A 37-year-old Brownsville woman accused of helping a romantic partner help kill a 19-year-old woman in April pleaded not guilty Thursday afternoon to a charge of murder.
Esmeralda Chapa appeared in front of state District Judge Marla Cuellar from the Hidalgo County Adult Detention Center for the arraignment, which was broadcast via YouTube with attorneys and court staff appearing via video-conferencing.
Chapa, who was indicted on July 13, is charged along with 37-year-old Weslaco resident Guadalupe Ybarra over the April 17 shooting death of Ruth Esmeralda Olvera.
He was indicted the same day and entered a not guilty plea at his arraignment last Thursday.
Ybarra, who was Olvera’s stepfather, also had a relationship with the woman, according to Mercedes police.
After finding Olvera’s body inside a 2013 Chevrolet Cruze parked at 2102 W. Expressway 83 at approximately 8:37 p.m., investigators met with her mother who told police she suspected Ybarra harmed her daughter, according to a probable cause affidavit.
She “stated that she believes her ex-husband Guadalupe Ybarra is responsible for Ruth’s death because Mr. Ybarra, who was also involved with Ruth is a very violent and aggressive person.”
Mercedes police say they met with Ybarra that same day.
He claimed Olvera called him at 11:30 a.m. saying people were following her in two vehicles and that someone from one of those vehicles banged on her vehicle, according to affidavit.
“Mr. Ybarra said that the line then got disconnected and (he) did not hear from her again. Mr. Ybarra stated that the messages and phone calls that he made with Ruth (are) erased and are no longer saved on his phone,” the affidavit states.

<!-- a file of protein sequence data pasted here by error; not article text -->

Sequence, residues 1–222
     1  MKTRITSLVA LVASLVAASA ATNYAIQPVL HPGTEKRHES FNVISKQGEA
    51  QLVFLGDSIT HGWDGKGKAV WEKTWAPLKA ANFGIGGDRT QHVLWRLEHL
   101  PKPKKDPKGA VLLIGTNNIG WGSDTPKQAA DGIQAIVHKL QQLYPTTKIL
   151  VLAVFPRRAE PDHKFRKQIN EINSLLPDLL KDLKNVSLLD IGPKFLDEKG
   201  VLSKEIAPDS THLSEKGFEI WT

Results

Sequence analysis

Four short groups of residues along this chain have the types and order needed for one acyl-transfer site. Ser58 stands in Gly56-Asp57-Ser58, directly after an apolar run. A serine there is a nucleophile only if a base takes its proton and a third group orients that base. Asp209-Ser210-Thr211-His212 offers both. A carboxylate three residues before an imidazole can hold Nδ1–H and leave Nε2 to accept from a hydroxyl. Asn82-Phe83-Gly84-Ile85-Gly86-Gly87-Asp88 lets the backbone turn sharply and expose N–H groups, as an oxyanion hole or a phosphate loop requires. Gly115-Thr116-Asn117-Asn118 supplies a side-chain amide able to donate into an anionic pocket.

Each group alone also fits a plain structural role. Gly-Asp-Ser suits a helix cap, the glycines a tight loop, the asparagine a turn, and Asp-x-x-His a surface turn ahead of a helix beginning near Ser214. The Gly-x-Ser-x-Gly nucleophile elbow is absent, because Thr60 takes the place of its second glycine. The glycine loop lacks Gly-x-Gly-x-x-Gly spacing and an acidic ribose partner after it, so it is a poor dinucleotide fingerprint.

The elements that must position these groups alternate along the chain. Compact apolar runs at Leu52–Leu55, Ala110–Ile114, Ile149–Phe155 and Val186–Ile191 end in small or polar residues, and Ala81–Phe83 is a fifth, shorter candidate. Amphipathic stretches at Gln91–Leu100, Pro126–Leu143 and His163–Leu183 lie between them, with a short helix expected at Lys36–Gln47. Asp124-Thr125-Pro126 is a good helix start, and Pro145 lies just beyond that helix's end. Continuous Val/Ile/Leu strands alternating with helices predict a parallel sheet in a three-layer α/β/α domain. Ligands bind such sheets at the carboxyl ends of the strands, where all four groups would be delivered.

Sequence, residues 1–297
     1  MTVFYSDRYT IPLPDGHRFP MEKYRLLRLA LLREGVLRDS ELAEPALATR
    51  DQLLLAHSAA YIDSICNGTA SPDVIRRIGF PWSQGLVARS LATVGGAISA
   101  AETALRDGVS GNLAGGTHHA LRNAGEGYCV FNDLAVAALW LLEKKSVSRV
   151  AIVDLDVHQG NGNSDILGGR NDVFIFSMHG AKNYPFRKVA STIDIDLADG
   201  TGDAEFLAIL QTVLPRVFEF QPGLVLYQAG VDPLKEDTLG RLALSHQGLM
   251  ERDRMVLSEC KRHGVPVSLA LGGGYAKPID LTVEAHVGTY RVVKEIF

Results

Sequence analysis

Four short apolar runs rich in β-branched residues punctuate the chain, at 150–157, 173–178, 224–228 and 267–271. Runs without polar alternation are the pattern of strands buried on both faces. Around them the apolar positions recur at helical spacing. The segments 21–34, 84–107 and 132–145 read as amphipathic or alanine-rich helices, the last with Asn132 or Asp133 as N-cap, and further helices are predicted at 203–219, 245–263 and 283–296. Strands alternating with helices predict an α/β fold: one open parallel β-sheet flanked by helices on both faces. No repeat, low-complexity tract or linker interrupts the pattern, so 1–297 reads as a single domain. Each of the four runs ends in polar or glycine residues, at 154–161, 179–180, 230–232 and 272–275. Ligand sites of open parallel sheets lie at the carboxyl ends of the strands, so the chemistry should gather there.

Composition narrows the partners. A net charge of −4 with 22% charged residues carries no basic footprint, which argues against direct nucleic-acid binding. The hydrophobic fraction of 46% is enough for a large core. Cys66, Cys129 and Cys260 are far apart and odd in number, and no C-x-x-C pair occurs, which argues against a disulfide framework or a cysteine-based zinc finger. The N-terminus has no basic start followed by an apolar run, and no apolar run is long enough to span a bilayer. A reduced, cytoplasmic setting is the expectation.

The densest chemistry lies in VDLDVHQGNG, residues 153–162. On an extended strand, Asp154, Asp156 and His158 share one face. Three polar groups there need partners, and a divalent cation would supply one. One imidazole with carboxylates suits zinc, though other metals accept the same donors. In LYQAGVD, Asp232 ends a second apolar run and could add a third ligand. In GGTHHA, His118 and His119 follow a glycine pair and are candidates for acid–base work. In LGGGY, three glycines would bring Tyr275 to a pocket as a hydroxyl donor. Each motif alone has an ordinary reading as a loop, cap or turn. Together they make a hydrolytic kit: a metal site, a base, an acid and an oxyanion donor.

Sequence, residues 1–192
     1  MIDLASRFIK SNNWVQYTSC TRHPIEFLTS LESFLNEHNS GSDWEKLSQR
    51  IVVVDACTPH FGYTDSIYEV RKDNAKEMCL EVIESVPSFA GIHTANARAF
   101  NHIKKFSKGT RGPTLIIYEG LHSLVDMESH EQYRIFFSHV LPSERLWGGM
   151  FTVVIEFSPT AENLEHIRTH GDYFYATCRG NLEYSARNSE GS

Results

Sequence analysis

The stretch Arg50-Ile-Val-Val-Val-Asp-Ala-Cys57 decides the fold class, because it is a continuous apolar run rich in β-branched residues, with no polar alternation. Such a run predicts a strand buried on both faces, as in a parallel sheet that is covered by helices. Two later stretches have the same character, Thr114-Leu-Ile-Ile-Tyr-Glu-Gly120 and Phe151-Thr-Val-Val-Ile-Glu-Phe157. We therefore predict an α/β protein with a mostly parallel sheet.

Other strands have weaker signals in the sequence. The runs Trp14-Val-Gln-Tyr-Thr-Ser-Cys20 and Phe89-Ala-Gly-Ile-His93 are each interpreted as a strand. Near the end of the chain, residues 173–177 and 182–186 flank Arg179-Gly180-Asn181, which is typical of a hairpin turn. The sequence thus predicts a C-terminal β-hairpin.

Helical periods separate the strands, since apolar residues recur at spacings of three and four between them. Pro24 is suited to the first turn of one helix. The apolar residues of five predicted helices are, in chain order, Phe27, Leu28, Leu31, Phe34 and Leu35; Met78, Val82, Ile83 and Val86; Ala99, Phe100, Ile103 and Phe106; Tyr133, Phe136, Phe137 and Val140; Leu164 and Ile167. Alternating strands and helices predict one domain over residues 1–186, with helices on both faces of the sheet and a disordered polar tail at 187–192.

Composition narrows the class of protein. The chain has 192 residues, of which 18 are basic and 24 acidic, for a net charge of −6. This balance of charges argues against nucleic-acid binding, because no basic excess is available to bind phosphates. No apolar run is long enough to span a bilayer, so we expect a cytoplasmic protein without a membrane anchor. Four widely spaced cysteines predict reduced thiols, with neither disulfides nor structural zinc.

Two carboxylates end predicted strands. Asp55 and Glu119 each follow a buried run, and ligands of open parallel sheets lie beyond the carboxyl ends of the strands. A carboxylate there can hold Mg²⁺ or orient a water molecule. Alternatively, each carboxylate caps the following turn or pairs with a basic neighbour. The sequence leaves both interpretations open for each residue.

During an earlier bond hearing in Ybarra’s case, a prosecutor told a judge that a search of Olvera’s phone revealed threatening, aggressive messages from Ybarra.
Investigators also spoke with Chapa who said she was with Ybarra the Saturday Olvera died, according to police.
Those investigators, however, say they found Chapa and Ybarra’s stories to be inconsistent and contrary though the probable cause affidavit does not lay out those inconsistencies and contradictions in plain language.
The affidavit does say investigators learned through searching Ybarra’s phone that he had been excessively harassing Olvera while asking for her whereabouts and about whether she was having sex with other men.
“Mr. Ybarra also voice messaged Ms. Olvera that he was receiving calls from unknown numbers that they were going to kill her and her daughter,” the affidavit states.
Olvera asked Ybarra to record the call and send it to her, which he did, according to police.
When police listened to that call they recognized Chapa’s voice and a search of her phone showed she and Ybarra were communicating the same day the threatening message was left on Ybarra’s phone.
The other piece of evidence the affidavit describes is Ybarra’s browser history on his phone, which had not been cleared.
Investigators say in the document that they found research searches on how to use and shoot at Taurus 9mm PT92 pistol, as well as searches about the interior of a 2013 Chevrolet Cruze — the same type of vehicle where police found Olvera’s body.
Chapa remains jailed on a $1 million bond while Ybarra remains held on a $300,000 bond, jail records show.